Start with a pub with a bar that is no more than four metres from an open fire. You cannot claim to know what Christmas feels like until you feel the warmth of an open fire in an Irish pub. If the pub you choose has a large dog sleeping next to the fire, you have arrived in a special place. If you lick your lips and it tastes of the wind-blown Atlantic breeze, you will be hard-pressed to erase the memory of a wonderfully authentic Irish experience.
I recommend finding a Scottish barman and asking him to recommend the finest Irish whiskey in the house. He should have to stretch to reach the bottle. It often hurts a Scot to recommend an Irish whiskey so you should offer the poor man a pour of his own. If your head still allows you to ask for a second drink, be brave and get some Bailey's Irish Cream, but not the traditional Bailey's. Go for one of the seasonal Bailey's creams.
I think part of the festive Christmas spirit in Ireland happens where people walk elbow to elbow outside in a pedestrianised zone. I put Grafton Street in Dublin at the top of that list but you can duplicate the experience near Shop Street in Galway or in the English Market of Cork. This is a powerful Christmas moment, complete with colourful windows and all the snippets of conversation. It took me 10 years--an entire decade of living in Ireland--before I could understand more than 80% of the slang I heard in Dublin, Limerick, Galway and Cork. I still cannot comprehend more than 80% of what I hear on the crowded streets of Galway because more than 10% of those conversations are in Irish.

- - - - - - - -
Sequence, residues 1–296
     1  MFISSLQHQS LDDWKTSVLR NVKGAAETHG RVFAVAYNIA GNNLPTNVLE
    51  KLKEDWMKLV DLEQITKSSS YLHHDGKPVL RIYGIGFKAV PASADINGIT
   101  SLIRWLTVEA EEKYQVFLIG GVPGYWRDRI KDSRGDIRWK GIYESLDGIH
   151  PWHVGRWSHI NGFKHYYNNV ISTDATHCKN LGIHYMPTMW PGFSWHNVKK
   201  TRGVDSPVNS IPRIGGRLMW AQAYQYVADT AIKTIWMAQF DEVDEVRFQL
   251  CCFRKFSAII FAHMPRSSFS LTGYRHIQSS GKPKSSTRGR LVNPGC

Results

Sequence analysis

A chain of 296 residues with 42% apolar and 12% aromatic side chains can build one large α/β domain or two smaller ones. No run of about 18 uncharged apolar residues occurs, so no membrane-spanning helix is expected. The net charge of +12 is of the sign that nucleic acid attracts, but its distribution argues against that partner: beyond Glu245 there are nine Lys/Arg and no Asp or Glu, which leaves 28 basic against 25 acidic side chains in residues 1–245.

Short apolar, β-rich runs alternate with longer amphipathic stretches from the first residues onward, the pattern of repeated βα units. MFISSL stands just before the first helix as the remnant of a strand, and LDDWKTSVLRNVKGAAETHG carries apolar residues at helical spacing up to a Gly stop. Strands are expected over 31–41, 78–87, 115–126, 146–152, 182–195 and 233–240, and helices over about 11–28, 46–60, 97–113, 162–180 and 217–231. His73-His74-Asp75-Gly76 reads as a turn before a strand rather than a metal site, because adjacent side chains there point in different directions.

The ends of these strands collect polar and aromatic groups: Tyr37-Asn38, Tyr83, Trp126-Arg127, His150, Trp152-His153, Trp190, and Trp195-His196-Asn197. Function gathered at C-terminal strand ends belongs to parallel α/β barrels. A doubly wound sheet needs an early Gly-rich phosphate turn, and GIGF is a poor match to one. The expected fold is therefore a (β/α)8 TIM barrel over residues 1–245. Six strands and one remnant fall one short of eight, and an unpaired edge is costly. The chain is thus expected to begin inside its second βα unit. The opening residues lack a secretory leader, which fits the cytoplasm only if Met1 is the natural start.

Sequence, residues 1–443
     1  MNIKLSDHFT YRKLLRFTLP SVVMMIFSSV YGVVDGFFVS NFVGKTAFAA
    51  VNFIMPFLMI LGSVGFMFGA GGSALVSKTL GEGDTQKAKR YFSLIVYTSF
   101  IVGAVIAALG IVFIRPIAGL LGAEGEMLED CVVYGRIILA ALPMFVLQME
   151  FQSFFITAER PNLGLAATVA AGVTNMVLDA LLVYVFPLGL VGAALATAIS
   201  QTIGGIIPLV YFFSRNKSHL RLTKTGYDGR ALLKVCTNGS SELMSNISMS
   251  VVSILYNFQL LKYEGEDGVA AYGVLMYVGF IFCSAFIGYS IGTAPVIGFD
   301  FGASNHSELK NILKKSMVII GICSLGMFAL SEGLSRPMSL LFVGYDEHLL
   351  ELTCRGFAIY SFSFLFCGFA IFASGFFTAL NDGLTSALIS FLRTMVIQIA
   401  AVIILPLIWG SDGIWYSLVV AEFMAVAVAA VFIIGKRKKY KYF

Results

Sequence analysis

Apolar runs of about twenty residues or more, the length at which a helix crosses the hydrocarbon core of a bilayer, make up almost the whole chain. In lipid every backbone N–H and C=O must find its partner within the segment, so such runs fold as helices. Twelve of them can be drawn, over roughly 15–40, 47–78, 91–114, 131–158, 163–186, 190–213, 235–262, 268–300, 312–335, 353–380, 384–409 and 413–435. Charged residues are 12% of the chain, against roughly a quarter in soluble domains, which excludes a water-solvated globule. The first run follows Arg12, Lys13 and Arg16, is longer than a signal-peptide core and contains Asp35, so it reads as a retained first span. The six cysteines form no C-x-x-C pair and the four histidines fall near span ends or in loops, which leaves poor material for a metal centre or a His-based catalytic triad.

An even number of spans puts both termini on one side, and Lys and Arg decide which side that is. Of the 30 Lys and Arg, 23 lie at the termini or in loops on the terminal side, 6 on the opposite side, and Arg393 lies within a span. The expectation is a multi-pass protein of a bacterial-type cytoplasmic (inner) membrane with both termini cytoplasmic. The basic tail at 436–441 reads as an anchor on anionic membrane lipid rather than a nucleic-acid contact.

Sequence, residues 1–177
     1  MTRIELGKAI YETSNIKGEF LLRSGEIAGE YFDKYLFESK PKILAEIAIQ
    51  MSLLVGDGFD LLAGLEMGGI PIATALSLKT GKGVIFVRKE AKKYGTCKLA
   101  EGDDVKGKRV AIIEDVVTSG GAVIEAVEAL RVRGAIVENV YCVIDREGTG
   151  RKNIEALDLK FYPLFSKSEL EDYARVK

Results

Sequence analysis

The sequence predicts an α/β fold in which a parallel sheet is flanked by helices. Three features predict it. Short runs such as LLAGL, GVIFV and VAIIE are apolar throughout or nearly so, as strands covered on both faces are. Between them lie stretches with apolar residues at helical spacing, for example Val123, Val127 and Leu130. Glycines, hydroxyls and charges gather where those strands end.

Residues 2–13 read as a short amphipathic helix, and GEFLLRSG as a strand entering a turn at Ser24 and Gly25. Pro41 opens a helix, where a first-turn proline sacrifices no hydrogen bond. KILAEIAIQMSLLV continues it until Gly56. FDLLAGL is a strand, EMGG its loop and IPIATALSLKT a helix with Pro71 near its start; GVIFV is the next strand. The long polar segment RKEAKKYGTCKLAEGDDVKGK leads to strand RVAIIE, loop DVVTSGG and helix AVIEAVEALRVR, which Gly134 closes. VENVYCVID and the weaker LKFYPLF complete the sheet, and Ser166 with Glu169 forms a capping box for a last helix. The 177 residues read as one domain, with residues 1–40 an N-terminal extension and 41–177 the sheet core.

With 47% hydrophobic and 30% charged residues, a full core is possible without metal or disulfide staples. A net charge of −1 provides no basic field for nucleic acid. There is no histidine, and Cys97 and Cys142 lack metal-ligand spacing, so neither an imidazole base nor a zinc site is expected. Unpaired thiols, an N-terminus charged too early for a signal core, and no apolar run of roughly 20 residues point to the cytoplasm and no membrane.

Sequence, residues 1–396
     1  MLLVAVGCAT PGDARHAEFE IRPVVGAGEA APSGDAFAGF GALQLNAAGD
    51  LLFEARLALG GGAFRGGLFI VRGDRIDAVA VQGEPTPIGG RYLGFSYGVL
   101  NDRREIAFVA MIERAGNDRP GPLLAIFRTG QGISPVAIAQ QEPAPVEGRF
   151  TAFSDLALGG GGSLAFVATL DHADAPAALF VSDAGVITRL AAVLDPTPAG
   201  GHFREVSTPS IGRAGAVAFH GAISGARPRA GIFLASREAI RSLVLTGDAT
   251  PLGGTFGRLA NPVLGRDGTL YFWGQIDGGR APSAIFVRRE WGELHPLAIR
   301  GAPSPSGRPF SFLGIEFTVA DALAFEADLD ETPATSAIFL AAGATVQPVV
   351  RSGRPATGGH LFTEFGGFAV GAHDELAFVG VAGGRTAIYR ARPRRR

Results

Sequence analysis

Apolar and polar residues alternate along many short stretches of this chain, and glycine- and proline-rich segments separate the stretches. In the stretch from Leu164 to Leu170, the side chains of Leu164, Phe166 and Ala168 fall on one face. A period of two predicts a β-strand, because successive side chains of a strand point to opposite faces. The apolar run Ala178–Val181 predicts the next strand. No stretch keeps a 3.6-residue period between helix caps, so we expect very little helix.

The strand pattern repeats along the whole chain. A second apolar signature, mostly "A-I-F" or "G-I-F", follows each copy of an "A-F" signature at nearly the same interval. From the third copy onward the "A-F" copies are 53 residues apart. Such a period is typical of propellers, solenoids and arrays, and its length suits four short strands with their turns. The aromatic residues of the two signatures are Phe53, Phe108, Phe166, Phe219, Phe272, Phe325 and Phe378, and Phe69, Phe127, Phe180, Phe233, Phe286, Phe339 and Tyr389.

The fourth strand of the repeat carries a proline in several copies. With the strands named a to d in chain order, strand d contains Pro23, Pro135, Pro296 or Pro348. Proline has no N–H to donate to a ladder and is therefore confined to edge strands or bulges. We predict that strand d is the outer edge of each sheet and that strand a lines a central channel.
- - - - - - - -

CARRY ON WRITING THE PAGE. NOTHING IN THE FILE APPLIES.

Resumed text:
I always make a point of ordering more than EUR 30 of food from a Chinese takeaway in Ireland during the Christmas season. That way I get a big Chinese calendar and a generous helping of prawn crackers for free. I also duck into Polish food shops for chocolate bars with labels I have never seen before. Both of these things add to the spirit of Christmas now felt all across the multi-cultural fabric of Ireland.
The Irish Christmas dinner is more generous than anything I have eaten at home or on the farm in the States. To do it justice, I try to fast the day before. Then I take my fasting state to the outside of any Irish Catholic church on Christmas Day and watch the men standing outside to smoke and chat. Mass in Ireland can be like a pub chat. When living in Greystones, I saw two men outside the church holding a deep conversation while finishing their pints of Guinness. Their extended families were inside dressed in their Sunday best.
Apparel changes during the Christmas holidays in Ireland. Clothing in my local moves up into the Brown Thomas range as the days tick closer to the 25th. That's because so many college students and Irish emigrants return home to share stories and success is often measured in the cut of your clothing.
American friends who visit Ireland during the Christmas season are often surprised by how much of the country shuts down between the 23rd of December and the third of January. In these fiscally trying times, some restaurants and hotels shut down for an entire week to save on heat and labour costs. Not to worry--there are plenty of small cafes around to test the taste of proper pots of tea. It took me more than one week of tea breaks to distinguish between Bewleys, Lyon's and Barry's tea. Now my mother in the States knows the difference and asks that we send her Barry's tea bags with Cashel Blue cheese, not only in a Christmas hamper, but once every six weeks. That's mom sorted then.
I don't claim to be an expert on the Irish festive experience and I know the advice I'm dispensing here could be the source of a long argument over the dinner table with my Irish relatives. But that's the point, isn't it?
If you want to share your opinion with me, I'm good for a pint in Feehan's of Cashel, behind me in the the shot I snapped for this blog post.